Nakba, Naksa, and Yom Yerushalayim

Shavuot: Late last night I walked around this peaceful neighborhood under a bright crescent moon, watching moderately religious strolling couples holding hands or pushing strollers, groups of boys and girls talking animatedly in Hebrew or English (earlier, stepping into the supermarket for last-minute shopping, I’d heard Italian and French in the crowded isles as well). These young people were coming home from shul, but I knew that others, mostly older men, were beginning the traditional Shavuot all-night study, to end with davening at dawn.

I was tempted, but I am tired, having had an intense month of travels, lectures, and meetings around the country and beyond. Much has happened while I’ve been here. At the moment former Prime Minister Ehud Olmert is on trial for various corruption charges while the present one, Bibi Netanyahu, is gleaning the glory (clear in the polls in both countries) of having embarrassed and defeated an American president on his own territory, while Obama was away.

This could be a Pyrrhic victory if Obi is re-elected. Mitt Romney just entered the race, the only one so far who might beat the Osama-Slayer, but he is least likely to win the Republican primaries. The president’s chances are not sure, but good. What will he have to lose in the four years between ’12 and ’16? He can oppose Netanyahu in a strong sense, not just in the weak way he has tried out so far.

So when Bibi comes up for re-election in ‘13, strained White House relations may not be such a plus. But he and his government are very pleased with themselves. Israel’s economic and technology engine is running at full steam and without sign of running down. European and American criticism is muted. Israeli liberals and even the centrist opposition are in thorough disarray.

But the clock is running down toward a UN vote to recognize and admit a Palestinian state, within the ’67 borders. On Nakba, or “Catastrophe” Day, which was May 15, some hundreds or thousands of people living in Syria and Lebanon surprised the IDF by massing on the Northern Border fence in certain places, claiming to be Palestinian refugees returning to their homeland. They broke through in one, and some infiltrated deeply into Israel before all (authorities say) were apprehended.

On Naksa, or “Setback” Day, marking the first day of the 1967 war, three days ago, another like attempt was made; it was well prepared for and repulsed. Syria accused the IDF of killing 20 demonstrators by opening live fire (after repeated warnings) when the crowd reached the remade fence. Some of those deaths occurred when Molotov cocktails thrown by demonstrators touched off land mines protecting Israel. Some were caused by errant rifle fire aimed at legs.

The IDF was satisfied with its response, and international criticism was muted. The next day, Monday, there was no activity at the border. Why? Because Syrian guards, instead of encouraging the demonstrators, stopped their buses before they got to the fence, as Lebanon and Jordan had done in the first place.

On June 1, between Nakba and Naksa, a march of 40,000 Jewish Jerusalemites through Arab streets on Yom Yerushalayim provoked understandable protests, but the police only had to arrest 24, mostly Jews. Watch the video of Jewish marchers in Muslim and Christian streets joyously singing, “Death to the Arabs, Death to the leftists,” and “Muhamad met, Muhamad met”—”Mohamed is dead”—to get a glimpse of the people most likely to undermine and destroy Israel. See a pretty young woman say in a thoroughly American voice, of the Arab neighborhood she’s waking up at 4 AM, “Because it’s ours, so we’re happy.”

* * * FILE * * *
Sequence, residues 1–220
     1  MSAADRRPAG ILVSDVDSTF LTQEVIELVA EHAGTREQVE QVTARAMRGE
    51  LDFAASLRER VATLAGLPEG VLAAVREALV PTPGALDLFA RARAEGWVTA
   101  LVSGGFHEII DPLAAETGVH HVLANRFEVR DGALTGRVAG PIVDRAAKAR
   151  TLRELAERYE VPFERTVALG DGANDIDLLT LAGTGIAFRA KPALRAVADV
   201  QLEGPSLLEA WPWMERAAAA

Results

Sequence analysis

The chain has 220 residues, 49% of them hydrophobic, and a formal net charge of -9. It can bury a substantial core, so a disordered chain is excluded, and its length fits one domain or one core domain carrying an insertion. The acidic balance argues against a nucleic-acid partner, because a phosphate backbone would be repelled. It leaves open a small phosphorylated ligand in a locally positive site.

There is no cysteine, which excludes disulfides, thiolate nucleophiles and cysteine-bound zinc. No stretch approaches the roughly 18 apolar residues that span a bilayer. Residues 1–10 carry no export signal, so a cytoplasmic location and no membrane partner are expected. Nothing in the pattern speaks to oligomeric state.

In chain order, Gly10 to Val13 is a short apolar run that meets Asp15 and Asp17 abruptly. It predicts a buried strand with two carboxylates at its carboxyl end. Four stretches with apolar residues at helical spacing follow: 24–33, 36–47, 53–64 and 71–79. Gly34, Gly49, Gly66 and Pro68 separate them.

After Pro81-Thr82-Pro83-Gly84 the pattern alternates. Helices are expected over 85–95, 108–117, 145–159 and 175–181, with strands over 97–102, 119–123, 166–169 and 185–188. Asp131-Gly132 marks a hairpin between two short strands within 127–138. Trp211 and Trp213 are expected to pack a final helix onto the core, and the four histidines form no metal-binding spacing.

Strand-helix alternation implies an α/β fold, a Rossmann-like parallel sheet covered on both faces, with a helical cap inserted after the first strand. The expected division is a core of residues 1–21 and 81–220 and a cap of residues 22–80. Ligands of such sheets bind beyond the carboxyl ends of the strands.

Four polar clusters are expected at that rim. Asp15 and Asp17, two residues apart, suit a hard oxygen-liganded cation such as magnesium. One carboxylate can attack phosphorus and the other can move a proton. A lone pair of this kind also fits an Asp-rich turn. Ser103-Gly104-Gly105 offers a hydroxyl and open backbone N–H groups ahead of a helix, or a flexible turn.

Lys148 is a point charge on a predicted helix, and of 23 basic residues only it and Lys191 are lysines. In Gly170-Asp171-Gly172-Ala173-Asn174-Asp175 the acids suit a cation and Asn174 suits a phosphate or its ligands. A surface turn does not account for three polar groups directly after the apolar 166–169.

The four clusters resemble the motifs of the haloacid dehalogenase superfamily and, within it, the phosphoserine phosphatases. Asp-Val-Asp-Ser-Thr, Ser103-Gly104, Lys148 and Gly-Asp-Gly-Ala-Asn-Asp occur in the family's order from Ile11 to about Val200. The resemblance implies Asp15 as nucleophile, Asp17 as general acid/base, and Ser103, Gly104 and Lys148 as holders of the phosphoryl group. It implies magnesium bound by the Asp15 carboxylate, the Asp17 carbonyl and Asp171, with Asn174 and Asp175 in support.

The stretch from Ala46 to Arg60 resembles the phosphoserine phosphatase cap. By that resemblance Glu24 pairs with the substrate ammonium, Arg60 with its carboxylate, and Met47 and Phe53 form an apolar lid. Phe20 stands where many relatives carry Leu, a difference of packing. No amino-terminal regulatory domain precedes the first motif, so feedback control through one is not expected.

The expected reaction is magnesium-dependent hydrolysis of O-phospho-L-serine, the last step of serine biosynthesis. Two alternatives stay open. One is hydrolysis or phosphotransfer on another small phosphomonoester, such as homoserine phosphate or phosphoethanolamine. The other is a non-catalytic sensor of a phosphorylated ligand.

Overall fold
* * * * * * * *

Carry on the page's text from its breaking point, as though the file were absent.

Meanwhile, the larger neighborhood continued in turmoil. In Yemen, where some of my Palestinian friends are working, the revolution is ongoing, the president wounded in a successful attack on the capital and apparently driven out; in Libya, Qaddafi holds on amid much bloodshed; and in Syria, more protesting citizens have been killed by their own troops every day for weeks than were allegedly killed by Israel on the the two days that crowds tried to breach its border.

My life, however, is normal, or rather, abnormal in a nonviolent way. I have given four lectures and seminars to the medical and public health faculties of the Hebrew University (Hadassah/En Kerem), two lectures (hospital-wide rounds and pediatric rounds) at the Rambam Medical Center in Haifa, hospital-wide rounds and a seminar for midwives at Bnai Zion (also in Haifa), a seminar (together with Ann) for developmental psychology students at the Univesity of Haifa, and a seminar for anthropologists and anthropologists at Hebrew University at Mount Scopus.

In the midst of all this, I gave a lecture at St. John’s College, Cambridge University, at a conference on the origins of violence, and was asked, with little notice, to comment on parallels between the conflict in Northern Ireland and the one between Israel and the Palestinians. As my friend the Rav says, I’ve been a busy bee.

I also had tours and meetings at all these places, learned a great deal, and was immensely impressed with the quality of the people and the facilities, much of which, in terms of research, training, and clinical care, is on a par with leading institutions in the U.S. and Britain—not surprisingly, since many of the Israelis were trained in those institutions. I’ll be giving a seminar to Palestinian midwives and nurses in East Jerusalem next Monday. Perhaps I can show them a different Jewish face from those of the fanatics who threatened them and their families on Jerusalem Day.

On Shavuot, Jews read the story of Ruth, a righteous Moabite woman, a member of a tribe hated as persecutors of Jews. Yet she is embraced, marries a second Jewish man after she is widowed, and becomes the great-grandmother of King David and thus the ultimate great-great-…grandmother of the Jewish Messiah, according to the faith of religious Jews. If only they took Ruth’s story to heart.

5 thoughts on “Nakba, Naksa, and Yom Yerushalayim

  1. The young people in the video are markedly different from many same-aged people in the U.S.,  who are among the most tolerant citizens in American history. That tolerance has been carefully taught through rigorous democratic curricula in public schools and through the giant social experiment of desegregation.  As a child of the Segregated South, that change in the ethos of young America is very moving to me.  To see the bigotry of American kids in a different context, the march in the Old CIty, reminds me of the fragility and context-sensitive nature of social attitudes/ behavior and of the obligations of leaders to create a culture of peace.

  2. Ann,

    Subtle and insightful as always. I bet these American kids who are marching with people singing "Death to the Arabs," if not singing it themselves, would be mortified to hear themselves uttering the slightest slur against African-Americans. At least I hope they would.


  3. Chauvinism and hatred are always ugly, and of course I have no sympathy for anyone wishing death on Arabs. However, I would be wary of interpreting the Arab-Israeli conflict through the prism of American race relations, for at least two reasons.